The Cougar Chronicle

I strive for education for all women in my society

Benazir Liaquat, Contributor

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Narrative

 

Pursuing my education was difficult. I come from a society where they did not allow me to go out of my home due to the negative stereotypes against women.

 

I am a tribal girl of Kurram Agency FATA (Federally Administered Tribal Areas) which is located at the border of Afghanistan and Pakistan.

 

In my area there have been military clashes for seven years, due to this we wouldn’t go to school because sometimes the operations would last for three to four months; we requested our school administration to open the school because we can’t miss our classes for such a long period of time.

 

Growing up I was the only child and in my society a family who just had one daughter is considered inferior. To break this concept, my parents wanted me to be a strong and empowered woman that has the confidence to speak to the public and to be the voice of women. The only thing that could empower me is education, so I decided to go forward with my education. In the area of Pakistan (FATA) there is no university, and I am the first girl of my area who went to Lahore College for Women University in Lahore (a city 364 miles away from where I live).

 

When I went back to my village during summer break, I arranged seminars for primary school teachers to improve their teaching methodologies because teachers had poor methods of teaching. The teachers would only get an education that lasted from first to 10th grade and very few have university degrees.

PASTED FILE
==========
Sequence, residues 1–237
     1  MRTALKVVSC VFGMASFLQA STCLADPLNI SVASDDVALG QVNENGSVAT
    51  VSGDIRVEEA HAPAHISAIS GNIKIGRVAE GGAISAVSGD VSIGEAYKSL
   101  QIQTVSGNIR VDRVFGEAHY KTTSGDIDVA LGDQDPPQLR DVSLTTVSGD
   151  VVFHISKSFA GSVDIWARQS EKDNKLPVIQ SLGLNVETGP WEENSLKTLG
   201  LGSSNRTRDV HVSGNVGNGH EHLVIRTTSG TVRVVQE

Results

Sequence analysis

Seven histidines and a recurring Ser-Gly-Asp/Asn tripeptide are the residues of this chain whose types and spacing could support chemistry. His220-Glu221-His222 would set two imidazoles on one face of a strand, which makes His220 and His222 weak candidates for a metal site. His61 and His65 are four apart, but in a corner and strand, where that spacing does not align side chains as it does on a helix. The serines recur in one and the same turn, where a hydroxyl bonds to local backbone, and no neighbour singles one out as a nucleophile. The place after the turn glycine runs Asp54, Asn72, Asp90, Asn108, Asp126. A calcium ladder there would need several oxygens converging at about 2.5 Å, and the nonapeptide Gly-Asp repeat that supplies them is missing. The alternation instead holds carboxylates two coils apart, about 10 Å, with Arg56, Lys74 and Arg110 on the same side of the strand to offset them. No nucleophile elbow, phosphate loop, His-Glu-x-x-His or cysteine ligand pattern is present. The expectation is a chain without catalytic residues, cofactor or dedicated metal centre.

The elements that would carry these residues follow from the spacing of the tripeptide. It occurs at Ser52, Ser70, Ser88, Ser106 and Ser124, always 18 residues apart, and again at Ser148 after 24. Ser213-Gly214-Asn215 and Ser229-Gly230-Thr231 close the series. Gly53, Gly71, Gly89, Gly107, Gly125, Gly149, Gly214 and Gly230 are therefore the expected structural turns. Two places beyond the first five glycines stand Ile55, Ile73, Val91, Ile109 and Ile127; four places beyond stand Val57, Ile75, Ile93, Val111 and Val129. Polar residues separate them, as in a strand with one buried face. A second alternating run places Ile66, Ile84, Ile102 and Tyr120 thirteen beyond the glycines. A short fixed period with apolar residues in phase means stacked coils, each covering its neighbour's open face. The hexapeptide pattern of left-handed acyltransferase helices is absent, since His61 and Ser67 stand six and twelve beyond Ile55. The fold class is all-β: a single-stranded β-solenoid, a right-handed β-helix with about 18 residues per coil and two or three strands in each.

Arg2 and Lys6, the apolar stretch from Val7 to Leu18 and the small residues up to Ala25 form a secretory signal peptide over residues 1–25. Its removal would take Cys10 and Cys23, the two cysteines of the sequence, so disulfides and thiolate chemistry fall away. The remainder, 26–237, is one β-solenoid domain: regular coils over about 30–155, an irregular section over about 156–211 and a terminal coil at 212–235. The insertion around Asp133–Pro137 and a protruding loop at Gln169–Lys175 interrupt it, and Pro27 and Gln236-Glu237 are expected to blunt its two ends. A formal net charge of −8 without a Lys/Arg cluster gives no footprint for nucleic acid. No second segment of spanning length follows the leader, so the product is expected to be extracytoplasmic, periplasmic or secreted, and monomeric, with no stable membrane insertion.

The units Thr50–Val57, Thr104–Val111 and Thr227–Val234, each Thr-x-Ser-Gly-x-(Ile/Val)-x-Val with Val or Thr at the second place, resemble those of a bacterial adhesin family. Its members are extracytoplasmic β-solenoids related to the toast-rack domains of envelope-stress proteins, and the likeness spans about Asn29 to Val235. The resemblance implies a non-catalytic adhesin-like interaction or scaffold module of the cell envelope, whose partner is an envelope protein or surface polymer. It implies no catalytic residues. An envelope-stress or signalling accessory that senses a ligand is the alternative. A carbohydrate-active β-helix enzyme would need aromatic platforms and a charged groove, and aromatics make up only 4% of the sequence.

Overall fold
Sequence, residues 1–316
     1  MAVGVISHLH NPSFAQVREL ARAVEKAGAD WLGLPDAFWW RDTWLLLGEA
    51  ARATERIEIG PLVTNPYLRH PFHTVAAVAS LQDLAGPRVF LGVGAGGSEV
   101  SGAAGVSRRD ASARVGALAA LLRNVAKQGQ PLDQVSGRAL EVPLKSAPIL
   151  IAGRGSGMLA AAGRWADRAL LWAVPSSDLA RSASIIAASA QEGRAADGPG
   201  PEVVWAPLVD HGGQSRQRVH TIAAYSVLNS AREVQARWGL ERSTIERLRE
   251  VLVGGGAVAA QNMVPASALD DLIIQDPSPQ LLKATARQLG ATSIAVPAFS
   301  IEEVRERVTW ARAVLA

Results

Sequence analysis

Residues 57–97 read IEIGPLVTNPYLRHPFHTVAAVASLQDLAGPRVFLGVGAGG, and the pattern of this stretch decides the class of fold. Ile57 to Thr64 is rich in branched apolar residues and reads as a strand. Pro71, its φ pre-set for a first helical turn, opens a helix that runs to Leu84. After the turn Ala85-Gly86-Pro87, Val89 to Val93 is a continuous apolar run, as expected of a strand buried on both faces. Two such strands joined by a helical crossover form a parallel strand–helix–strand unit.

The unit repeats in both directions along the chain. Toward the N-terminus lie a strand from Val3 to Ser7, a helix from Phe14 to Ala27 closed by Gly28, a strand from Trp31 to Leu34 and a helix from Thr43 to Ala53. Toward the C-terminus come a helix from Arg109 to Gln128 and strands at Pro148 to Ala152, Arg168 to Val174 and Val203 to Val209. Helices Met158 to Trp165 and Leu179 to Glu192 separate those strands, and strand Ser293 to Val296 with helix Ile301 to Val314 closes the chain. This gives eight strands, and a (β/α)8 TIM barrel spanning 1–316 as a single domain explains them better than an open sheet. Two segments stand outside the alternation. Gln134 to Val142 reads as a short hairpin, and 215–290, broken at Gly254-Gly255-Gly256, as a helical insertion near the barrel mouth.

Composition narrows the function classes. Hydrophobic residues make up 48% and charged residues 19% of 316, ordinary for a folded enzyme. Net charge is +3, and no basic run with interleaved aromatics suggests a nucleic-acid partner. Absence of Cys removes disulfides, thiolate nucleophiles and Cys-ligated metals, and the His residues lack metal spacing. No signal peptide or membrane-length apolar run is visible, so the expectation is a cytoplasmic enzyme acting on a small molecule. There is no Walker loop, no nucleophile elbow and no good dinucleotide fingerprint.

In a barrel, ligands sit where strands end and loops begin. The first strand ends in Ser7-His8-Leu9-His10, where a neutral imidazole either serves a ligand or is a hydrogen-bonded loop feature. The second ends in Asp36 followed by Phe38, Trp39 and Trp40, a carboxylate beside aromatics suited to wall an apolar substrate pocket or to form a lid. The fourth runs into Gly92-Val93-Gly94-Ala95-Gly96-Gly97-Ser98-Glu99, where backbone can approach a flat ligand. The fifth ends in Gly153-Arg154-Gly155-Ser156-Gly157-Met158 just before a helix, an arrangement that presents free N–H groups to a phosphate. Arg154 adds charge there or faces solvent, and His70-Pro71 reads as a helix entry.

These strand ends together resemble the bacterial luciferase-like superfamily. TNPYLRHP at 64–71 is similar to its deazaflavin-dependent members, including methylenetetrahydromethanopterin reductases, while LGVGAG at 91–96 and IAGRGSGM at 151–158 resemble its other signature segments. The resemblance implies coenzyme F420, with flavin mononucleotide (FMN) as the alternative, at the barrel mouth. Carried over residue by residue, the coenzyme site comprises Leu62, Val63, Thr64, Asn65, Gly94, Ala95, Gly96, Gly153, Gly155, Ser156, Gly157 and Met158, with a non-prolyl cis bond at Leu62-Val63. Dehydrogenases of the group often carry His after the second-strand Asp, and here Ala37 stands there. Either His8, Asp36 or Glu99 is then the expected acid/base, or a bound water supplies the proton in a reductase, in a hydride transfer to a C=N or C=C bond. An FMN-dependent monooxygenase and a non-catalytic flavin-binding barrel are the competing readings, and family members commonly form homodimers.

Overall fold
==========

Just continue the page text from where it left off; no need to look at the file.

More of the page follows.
It was always my dream to travel the world, explore new places and to break the stereotypes that a woman can’t travel alone. My father would be judged by other men because he would take me to restaurants, and to different places in Kurram agency where women weren’t allowed to go.

 

Today, I am in the USA, for one semester in CSU San Marcos. I came here in a cultural exchange program i.e. the Global Ugrad Pakistan and currently I am a cultural ambassador from Pakistan that gets to know the American culture, while they get to know mine.

 

I tell my story because I expect that when people get to know about me, it will be an inspiration for the girls around the world who are facing difficulties in education. Parents will start to believe in their daughters, just how my father has always believed in me.

 

I am determined to set such examples that not only the girls of FATA, but girls from all the developing countries will be allowed to get an education and to travel alone.

 

It will change the mindset of people that one can go with one’s values and culture when on international borders as I use to wear my cultural dress with my head covered with dopata (scarf).

 

I would like to invite the international communities to come and help us in making schools and supporting the students in getting education by providing them books, pens and uniforms. I hope they can help the students in FATA strive for education.

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1 Comment

One Response to “I strive for education for all women in my society”

  1. Hina on October 1st, 2018 9:18 pm

    More power to you!!

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